The staff over at Pocket Gamer has been playing through an early copy of Tri Force Heroes and has amassed a short yet comprehensive guide to give an overview of the early stages of the game before you pick up your copy on October 23rd. The guide takes you through what the game is about, how to play without two friends readily available, how progress saves when playing with different groups, how much the game feels like a main series Zelda title, its balance of action and leisure, the ingame shops, online play quality, its competitive elements, and its overall impression. To see the list visit Pocket Gamer, or read a summary of it after the jump!
What’s the game about?
Players team up in groups of three to go on mini-adventures, use new game mechanics like the totem, and solve collaborative puzzles.
Playing without Two Friends
One can play alone with the aid of “dopples,” but these lifeless wooden helpers don’t have any intelligence of their own and aren’t much fun. Unfortunately, two players can’t play without a third– but just two players can go online and be paired with a soloist. Also, Download Play allows people who don’t have a copy of the game, to play with someone who does.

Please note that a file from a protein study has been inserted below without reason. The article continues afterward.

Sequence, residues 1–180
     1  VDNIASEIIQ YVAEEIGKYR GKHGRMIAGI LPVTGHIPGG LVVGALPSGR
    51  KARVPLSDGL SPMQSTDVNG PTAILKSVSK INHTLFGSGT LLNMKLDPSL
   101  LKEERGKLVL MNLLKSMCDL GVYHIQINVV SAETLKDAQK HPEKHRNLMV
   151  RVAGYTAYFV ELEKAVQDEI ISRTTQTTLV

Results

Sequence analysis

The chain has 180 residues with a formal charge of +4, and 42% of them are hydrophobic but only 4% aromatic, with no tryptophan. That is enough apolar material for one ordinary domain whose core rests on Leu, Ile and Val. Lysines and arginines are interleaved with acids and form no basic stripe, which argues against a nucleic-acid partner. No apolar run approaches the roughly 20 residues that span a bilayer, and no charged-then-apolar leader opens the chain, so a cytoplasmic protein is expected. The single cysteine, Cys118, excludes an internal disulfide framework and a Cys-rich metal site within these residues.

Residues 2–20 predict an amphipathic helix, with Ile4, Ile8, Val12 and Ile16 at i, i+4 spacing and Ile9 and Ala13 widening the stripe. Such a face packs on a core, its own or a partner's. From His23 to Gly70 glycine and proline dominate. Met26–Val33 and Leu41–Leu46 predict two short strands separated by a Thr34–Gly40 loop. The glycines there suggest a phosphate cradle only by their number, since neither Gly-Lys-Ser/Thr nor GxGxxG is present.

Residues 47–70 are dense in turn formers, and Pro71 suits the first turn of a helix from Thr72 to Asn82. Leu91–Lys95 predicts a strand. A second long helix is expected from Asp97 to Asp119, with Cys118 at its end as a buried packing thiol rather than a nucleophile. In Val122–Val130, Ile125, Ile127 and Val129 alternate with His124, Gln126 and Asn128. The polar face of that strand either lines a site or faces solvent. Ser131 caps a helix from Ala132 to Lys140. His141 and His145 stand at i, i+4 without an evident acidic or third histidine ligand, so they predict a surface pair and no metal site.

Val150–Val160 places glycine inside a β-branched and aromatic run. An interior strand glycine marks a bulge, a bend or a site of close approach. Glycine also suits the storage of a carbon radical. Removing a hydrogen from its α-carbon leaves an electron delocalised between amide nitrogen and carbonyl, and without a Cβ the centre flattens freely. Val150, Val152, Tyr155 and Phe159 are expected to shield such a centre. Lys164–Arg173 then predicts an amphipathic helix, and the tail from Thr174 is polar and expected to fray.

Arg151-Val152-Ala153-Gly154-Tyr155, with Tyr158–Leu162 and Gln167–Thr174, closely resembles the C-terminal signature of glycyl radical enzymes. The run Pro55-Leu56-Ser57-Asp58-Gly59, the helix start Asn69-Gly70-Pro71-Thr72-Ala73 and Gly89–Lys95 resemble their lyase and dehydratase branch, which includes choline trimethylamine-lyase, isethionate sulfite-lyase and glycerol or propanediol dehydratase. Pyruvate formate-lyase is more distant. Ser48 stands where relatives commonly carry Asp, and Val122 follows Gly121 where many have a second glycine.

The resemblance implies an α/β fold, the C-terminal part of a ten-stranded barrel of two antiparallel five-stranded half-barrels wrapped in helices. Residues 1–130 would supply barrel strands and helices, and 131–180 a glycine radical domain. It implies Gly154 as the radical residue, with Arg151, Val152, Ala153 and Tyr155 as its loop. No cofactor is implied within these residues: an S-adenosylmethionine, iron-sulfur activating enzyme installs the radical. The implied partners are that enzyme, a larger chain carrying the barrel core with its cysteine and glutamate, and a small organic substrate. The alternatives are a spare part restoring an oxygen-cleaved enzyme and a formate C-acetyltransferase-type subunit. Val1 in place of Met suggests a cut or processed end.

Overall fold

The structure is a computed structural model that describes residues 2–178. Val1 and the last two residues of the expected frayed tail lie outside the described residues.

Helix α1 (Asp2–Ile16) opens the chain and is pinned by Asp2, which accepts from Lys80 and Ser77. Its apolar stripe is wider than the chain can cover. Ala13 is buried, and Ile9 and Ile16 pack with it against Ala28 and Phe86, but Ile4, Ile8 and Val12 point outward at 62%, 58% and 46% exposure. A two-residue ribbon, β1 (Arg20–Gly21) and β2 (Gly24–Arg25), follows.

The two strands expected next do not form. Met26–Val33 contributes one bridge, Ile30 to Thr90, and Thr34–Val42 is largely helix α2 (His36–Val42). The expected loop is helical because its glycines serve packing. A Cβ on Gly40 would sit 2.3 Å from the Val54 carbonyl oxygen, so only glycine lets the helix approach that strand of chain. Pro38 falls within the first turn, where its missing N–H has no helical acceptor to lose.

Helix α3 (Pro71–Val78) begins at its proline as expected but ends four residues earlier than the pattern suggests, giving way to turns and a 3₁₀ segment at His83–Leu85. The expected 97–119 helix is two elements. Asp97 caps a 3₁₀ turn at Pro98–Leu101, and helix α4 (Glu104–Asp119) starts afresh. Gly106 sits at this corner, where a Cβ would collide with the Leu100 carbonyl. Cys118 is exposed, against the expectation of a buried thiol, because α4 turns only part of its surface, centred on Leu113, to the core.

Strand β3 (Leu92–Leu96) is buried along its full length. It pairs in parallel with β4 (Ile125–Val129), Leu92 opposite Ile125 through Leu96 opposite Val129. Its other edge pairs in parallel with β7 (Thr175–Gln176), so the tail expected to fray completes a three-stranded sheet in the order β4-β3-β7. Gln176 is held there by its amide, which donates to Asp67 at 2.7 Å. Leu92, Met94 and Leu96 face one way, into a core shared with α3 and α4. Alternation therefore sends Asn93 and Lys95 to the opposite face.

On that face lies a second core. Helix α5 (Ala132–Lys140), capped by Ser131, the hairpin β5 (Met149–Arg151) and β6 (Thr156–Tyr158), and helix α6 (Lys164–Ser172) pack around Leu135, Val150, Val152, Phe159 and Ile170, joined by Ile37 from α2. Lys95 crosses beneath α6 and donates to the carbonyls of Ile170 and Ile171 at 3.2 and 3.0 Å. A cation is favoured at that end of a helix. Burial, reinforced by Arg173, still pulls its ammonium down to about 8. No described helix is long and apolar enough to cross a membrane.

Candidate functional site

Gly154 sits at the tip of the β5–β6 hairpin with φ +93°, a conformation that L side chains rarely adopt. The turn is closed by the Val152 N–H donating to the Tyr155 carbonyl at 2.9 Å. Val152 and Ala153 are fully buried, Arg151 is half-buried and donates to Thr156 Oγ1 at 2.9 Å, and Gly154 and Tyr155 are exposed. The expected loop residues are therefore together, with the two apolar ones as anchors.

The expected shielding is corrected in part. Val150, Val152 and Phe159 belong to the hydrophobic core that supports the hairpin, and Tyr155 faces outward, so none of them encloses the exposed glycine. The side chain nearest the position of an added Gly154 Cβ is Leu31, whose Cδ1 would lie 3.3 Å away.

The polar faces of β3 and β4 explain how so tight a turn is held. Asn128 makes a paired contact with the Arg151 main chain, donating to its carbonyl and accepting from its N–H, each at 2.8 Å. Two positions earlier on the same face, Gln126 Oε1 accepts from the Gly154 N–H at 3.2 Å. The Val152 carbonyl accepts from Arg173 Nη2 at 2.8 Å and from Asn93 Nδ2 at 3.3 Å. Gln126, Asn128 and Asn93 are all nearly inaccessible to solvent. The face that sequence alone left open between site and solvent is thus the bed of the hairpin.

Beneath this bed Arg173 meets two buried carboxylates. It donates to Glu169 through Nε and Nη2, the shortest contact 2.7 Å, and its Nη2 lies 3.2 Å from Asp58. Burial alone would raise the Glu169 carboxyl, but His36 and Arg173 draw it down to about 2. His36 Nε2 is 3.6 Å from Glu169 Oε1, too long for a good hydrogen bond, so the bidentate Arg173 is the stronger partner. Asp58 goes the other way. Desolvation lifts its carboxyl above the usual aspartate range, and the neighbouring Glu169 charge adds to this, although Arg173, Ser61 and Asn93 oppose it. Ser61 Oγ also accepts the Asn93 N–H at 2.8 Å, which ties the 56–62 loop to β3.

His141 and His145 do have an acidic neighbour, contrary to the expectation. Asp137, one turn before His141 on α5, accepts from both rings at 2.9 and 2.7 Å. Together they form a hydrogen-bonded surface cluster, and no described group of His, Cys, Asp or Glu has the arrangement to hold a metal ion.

Does the Game have to be Played with the Same Group
Progress is saved individually, so one can go in with different groups to complete a level. The levels are also replayable and come with bonus levels on second, third, and fourth playthroughs. Everyone playing gets to vote on the level that will be played, too, but you can only vote for stages you’ve unlocked.
Does it Feel like a Zelda Game?
The game plays mechanically like A Link Between Worlds, but the dungeons are very short. The boss battles play out like classic Zelda boss battles, only with three players, which is enjoyable.
Is is all Playing Levels or is there Downtime?
When playing with the trio, it’s all fighting, unlike in Four Swords Adventures where there’d be towns and NPCs. There is however a small world to explore when alone, this has NPCs, minigames, and shops.
What do the Shops Sell?
The town’s economy is centered on fashion, so you can buy outfits. While playing, you find scraps of material and rupees to craft and buy outfits with.
How is the Online Connection?
With a strong wifi connection, it plays very smoothly. But if even one player’s connection is lagging, everything is majorly slowed down. You can also only play with people in your region and there is no voice support.
Is it Competitive?
The main levels are totally collaborative, teams share hearts and rupees. But colosseum mode is the competitive element of the game.
It’s less of a traditional Zelda game than a quirky spin-off. But it is fun with the three-player mechanics, especially if you’re playing with your friends.
What did you think of Pocket Gamer’s guide? Does it make you more or less excited for the game? What could the game do to make you more inclined to buy it? Let us know in the comments!
Source: Pocket Gamer
Alexis S. Anderson is a Senior Editor at Zelda Dungeon who joined the writing team in November, 2014. She has a JD from the UCLA School of Law and is pursuing a career in Entertainment and Intellectual Property Law. She grew up in the New Jersey suburbs with her parents, twin brother, and family shih-tzu.